Warner Robins teen with OCD opens up about onset, symptoms
WARNER ROBINS, Ga. -- Over 3 million people in the United States live with Obsessive Compulsive Disorder (OCD), including some in Middle Georgia
Fourteen-year-old Leah Castleberry started noticing symptoms of OCD last August.
"I had to color code my subjects with specific colors," Castleberry said. "I had to lock my doors constantly and check around my house. I had to arrange my pillows on my bed a certain way every single day."
It also impacted her schoolwork and friendships.
"They would be able to finish faster than me but I wouldn't because I would have to re-write my paper or write really, really slow to make sure it was really neat," Castleberry said.
Her symptoms didn't stop there, though.
"Once they started increasing every day I realized I needed help," Castleberry said.
The symptoms went beyond the observable. She began having thoughts that if she didn't do certain things, should could get hurt.
"Like I could be walking down the street and get to close to a mailbox then somebody might come out of the house and kill me," Castleberry said.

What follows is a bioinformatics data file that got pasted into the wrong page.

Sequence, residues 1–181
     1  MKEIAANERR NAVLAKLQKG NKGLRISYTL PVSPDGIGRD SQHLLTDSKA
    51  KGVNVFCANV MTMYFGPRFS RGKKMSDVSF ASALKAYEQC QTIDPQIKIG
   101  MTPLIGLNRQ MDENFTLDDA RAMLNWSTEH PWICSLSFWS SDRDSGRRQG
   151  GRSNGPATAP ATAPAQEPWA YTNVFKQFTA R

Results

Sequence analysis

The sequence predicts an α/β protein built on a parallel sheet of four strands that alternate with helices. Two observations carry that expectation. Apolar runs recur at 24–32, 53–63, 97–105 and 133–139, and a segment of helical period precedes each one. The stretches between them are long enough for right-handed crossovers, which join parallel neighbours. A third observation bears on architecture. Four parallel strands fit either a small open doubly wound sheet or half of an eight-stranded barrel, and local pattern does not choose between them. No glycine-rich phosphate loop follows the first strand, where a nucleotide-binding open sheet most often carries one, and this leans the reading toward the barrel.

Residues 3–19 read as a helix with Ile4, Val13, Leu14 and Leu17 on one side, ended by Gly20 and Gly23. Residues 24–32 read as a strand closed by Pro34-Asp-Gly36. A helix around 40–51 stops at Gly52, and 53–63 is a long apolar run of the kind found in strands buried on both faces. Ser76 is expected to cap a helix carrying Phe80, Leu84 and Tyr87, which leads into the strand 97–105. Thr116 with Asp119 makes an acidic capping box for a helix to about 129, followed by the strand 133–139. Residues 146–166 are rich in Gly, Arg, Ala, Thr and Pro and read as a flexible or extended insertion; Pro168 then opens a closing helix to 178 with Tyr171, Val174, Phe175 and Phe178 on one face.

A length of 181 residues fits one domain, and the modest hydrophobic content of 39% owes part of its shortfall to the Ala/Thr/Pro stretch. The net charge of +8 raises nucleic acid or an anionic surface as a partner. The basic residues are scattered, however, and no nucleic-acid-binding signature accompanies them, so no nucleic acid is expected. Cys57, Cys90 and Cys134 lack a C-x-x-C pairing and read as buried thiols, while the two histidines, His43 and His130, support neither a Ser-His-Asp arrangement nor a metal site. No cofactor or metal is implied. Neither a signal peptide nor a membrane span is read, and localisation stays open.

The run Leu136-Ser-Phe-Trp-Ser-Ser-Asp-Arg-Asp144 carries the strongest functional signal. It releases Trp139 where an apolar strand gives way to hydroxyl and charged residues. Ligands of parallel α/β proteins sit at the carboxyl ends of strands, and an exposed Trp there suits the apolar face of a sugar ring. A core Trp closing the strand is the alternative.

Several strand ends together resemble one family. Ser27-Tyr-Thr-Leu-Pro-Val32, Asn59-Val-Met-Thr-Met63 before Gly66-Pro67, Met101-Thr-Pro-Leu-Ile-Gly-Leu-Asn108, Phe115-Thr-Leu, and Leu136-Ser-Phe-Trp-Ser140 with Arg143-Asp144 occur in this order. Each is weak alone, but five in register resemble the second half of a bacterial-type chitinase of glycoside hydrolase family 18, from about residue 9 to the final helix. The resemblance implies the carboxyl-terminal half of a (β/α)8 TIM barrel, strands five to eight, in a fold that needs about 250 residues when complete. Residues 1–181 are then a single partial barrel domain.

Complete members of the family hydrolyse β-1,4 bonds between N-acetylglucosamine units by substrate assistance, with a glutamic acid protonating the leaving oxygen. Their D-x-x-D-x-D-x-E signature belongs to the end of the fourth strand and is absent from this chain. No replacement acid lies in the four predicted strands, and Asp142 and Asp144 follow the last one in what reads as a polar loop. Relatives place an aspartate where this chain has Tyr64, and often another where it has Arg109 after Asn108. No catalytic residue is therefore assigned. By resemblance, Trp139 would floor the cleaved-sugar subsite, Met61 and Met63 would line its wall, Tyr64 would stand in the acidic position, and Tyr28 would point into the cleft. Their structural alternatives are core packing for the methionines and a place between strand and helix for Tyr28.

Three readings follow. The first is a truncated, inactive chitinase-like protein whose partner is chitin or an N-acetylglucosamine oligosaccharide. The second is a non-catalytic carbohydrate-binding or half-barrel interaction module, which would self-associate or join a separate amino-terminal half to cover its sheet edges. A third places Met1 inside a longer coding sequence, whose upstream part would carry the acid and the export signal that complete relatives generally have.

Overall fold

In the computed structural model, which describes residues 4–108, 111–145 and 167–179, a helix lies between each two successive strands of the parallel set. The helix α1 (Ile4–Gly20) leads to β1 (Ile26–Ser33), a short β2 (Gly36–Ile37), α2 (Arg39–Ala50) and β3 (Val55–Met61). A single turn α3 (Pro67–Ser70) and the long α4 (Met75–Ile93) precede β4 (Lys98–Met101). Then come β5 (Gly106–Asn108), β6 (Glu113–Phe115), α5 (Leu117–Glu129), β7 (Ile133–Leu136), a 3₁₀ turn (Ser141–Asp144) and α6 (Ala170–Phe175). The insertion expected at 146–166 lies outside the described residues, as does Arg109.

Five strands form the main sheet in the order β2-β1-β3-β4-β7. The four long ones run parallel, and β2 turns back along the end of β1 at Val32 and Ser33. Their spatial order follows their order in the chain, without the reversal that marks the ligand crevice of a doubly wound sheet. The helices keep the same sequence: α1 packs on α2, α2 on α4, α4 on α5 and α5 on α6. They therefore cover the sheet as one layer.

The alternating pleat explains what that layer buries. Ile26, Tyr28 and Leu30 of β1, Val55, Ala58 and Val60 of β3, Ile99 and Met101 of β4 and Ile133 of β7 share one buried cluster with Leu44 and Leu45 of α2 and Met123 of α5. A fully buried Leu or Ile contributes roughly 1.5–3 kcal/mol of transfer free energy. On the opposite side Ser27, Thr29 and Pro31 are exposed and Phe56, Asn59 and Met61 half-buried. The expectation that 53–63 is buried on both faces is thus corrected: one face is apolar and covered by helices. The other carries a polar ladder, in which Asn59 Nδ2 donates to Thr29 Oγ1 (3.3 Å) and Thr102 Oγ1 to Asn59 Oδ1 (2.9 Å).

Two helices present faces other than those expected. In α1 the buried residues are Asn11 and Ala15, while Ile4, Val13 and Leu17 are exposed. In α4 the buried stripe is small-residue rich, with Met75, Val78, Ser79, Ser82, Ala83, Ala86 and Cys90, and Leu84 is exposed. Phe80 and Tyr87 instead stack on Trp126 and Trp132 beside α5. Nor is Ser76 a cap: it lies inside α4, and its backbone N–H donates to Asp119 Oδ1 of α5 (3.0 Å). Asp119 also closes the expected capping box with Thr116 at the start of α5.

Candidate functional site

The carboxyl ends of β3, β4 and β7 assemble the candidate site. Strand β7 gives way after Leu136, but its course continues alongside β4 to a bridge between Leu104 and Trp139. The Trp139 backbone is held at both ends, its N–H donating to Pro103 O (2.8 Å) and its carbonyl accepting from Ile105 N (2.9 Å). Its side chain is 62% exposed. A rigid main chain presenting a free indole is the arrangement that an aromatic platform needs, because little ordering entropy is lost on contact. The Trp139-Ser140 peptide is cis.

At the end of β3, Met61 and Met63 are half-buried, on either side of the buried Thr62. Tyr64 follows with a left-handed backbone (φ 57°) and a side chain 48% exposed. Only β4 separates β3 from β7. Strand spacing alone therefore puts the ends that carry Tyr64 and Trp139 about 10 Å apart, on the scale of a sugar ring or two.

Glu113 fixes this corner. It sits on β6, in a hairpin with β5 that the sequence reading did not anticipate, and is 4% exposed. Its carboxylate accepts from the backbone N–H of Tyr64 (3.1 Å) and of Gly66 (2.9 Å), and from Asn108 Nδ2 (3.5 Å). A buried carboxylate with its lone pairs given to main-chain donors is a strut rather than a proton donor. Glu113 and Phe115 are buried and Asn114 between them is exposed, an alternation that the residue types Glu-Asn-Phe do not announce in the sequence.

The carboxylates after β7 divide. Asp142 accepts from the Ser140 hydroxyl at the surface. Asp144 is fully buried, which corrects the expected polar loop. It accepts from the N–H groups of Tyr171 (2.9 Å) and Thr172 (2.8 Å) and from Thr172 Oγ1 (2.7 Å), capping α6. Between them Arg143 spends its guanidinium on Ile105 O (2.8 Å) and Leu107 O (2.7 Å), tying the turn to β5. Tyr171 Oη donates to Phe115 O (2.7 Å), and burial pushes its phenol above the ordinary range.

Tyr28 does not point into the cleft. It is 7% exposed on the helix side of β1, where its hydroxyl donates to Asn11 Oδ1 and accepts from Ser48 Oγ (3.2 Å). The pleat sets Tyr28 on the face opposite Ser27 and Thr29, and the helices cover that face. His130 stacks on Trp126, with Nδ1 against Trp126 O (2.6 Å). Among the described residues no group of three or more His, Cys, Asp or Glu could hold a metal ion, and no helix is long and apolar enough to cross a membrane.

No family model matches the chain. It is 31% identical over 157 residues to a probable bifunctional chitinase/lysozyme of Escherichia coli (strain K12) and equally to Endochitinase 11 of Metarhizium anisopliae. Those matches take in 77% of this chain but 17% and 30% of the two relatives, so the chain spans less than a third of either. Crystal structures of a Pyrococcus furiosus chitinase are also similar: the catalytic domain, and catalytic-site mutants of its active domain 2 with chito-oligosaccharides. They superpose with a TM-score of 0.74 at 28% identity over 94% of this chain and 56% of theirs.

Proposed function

She said those thoughts started after witnessing crime in her neighborhood, among other things.
"It was a house next door to mine and the whole roof was caught on fire, so I came home and I walked right past it and it kind of made me realize that that could be my house," Castleberry said.
According to therapist Mary-Catherine Riner, these symptoms are categorized as harm OCD, just one of many forms OCD can take.
Riner said to help Castleberry and other patients, she uses exposure and response prevention therapy
"They have to maybe count or lock the door ten times everyday, every time they leave the house, then I just start them back like what if we make it to nine, or what if we go every other day, or if that's too anxiety-proving, why don't we imagine that scene for a second and see what fears come up?" Riner said.
Castleberry said she's seen improvement since starting therapy sessions with Riner. She wants other to know that if they experience and of the symptoms, they aren't alone.